The Nuclear Family (1983-1991), my first body of work around the nuclear theme, served to untangle some of the horror and fear embedded in my subconscious by the nuclear propaganda that permeated my generation's early years. The Brixton Art Gallery provided the first public space for The Nuclear Family in the exhibition Textiles: Making and Meaning, curated by Teri Bullen. In this essay I will look at this work and how it led to my current ongoing collaboration with artist Susan Timmins for Cold War Projects, starting in 2011.

The Nuclear Family used and presented objects, largely clothes treated with plaster and powder pigments in temporary installations to address both the aftermath of the nuclear bomb and the ideology of the nuclear family. By contrast Cold War Projects offers more explicit and varied ideas about cultural memory and employs a variety of media, including film, photography, textiles and sound. The working processes in Cold War Projects are also distinct from those of The Nuclear Family in that we actively employ methods drawn from socially engaged art practices, including the potential for co-authorship among collaborative participants.


My continuing interest in this theme is ironically triggered by and responds to the dismantling of the first-generation of Cold War installations in the UK as a visual archeology of memories and sites. What I had imagined would be a short-term exercise, has seamlessly snowballed into an on-going project. Several years into our work, world tensions began to increase again and suggestions of a second Cold War emerged. Fuelled by this new situation, we continue to unearth the largely invisible memories and ordinary stories from this era to explore our past in relation to the nuclear present and future.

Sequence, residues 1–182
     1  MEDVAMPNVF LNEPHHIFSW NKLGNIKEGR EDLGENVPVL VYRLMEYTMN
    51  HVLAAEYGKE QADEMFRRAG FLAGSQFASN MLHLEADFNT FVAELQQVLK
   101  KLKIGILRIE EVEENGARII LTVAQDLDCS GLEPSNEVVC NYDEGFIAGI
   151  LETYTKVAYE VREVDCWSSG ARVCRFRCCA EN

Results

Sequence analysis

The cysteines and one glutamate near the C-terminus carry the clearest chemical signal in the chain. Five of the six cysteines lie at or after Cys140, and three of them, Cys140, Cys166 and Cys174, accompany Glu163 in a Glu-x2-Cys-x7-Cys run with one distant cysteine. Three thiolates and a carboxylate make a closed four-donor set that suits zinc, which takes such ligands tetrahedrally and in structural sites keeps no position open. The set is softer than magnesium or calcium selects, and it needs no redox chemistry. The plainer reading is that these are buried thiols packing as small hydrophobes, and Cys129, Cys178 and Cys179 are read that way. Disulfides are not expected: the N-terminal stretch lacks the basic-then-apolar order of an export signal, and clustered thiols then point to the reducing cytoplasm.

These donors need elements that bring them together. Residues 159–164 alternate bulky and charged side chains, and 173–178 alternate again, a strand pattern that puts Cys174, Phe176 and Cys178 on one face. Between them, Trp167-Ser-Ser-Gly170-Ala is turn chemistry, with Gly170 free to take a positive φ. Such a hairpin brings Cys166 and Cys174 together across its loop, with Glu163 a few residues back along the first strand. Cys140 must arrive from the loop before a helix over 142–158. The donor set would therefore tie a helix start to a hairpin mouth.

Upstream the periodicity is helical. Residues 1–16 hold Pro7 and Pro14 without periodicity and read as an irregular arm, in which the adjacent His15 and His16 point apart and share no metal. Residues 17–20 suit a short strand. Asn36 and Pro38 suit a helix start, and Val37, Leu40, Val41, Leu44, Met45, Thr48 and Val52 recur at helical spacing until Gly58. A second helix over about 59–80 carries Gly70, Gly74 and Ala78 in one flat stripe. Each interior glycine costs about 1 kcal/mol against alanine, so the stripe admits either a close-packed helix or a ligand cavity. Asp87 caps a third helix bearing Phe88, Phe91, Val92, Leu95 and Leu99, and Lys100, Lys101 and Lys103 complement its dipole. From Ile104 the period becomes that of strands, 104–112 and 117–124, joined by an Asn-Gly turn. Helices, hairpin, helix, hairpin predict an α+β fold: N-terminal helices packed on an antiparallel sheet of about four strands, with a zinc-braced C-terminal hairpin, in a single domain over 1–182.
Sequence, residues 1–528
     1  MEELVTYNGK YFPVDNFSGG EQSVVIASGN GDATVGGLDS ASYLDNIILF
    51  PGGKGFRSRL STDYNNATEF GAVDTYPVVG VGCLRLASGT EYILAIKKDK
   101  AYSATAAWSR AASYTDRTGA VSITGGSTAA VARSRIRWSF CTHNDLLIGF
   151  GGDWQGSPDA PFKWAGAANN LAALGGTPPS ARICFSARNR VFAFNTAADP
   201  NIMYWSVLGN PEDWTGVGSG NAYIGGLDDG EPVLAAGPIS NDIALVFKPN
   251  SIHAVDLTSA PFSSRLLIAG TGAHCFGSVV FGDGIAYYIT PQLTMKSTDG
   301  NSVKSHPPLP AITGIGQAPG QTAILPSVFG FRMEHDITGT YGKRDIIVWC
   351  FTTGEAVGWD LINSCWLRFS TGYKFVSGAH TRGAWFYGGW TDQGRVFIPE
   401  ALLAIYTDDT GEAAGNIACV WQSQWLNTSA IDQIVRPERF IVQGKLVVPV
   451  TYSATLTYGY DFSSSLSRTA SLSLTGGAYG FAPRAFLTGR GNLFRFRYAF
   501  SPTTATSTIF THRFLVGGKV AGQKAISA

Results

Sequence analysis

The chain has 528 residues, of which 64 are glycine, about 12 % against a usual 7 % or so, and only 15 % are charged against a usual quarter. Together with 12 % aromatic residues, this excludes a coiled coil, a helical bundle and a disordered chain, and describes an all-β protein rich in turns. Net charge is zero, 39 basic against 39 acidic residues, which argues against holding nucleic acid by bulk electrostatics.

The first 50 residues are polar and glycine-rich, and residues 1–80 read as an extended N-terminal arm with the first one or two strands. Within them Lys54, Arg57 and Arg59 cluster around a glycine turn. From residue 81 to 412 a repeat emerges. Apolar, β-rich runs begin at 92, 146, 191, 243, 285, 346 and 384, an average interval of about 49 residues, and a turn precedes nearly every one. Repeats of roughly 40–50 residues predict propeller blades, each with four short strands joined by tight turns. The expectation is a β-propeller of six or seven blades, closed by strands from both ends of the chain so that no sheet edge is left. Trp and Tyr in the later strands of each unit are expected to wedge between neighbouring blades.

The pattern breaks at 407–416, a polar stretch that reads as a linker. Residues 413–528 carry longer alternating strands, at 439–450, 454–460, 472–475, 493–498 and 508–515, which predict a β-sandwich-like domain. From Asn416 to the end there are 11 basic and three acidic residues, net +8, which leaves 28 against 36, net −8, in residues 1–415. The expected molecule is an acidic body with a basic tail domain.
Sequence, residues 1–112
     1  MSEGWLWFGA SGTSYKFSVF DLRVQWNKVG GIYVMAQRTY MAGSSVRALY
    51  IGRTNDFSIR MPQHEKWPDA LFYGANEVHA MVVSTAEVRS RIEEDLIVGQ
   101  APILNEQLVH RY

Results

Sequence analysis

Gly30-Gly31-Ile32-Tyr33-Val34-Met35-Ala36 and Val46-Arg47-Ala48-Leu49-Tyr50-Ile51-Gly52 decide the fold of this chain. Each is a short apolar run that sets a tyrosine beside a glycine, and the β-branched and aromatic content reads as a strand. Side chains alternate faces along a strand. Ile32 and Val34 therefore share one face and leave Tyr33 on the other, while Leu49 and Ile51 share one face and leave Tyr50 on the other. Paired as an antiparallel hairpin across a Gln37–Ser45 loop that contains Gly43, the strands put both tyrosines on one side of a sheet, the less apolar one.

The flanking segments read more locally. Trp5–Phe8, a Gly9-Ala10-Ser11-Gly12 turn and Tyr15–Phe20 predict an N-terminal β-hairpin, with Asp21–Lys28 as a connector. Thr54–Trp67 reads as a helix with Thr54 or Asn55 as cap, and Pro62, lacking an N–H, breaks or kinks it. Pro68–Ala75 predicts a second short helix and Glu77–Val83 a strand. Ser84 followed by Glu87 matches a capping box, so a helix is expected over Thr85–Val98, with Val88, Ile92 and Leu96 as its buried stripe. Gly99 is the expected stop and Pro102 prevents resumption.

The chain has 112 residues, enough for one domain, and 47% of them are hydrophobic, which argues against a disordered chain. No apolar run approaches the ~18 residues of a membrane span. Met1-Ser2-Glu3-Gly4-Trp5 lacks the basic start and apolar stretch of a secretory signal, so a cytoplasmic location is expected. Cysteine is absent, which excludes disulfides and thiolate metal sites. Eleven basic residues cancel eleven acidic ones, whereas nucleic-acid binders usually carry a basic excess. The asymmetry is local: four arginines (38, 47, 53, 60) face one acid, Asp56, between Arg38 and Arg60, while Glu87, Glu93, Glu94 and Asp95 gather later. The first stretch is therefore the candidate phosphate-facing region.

Continue reading the article here.



Chloe Chaplain, "From Poll Tax to the People's Vote March: The Biggest Protests in Recent British History – and the Impact They Have Had,", October 22, 2018, , accessed May 30, 2019, impact-list/.


Thérèse Delpech, Nuclear Deterrence in the 21st Century Lessons from the Cold War for a New Era of Strategic Piracy (Santa Monica, Calif: RAND, 2012). p 5.

Mary Kaldor, The Imaginary War: Understanding the East-West Conflict (Oxford: Blackwell, 1990). p 4-6.


Lucy R. Lippard, Issue: Social Strategies by Women Artists (London: Institute of Contemporary Arts, 1980). Cover image.

Suzanne Moore et al., "How the Greenham Common Protest Changed Lives: 'We Danced on Top of the Nuclear Silos'," The Guardian, March 20, 2017, , uk-news/2017/mar/20/greenham-common-nuclear-silos-women-protest-peace-camp


Roxane Permar, ‘Why Join the Collective?’ in Women’s Work: Two Years in the Life of a Women Artists Group, 5-8. (London: Women's Work, 1986). pp 5-9.

Neil Postman and Charles Weingartner, Teaching as a Subversive Activity (New York: Doubleday, 1969). pp 4-16

bottom of page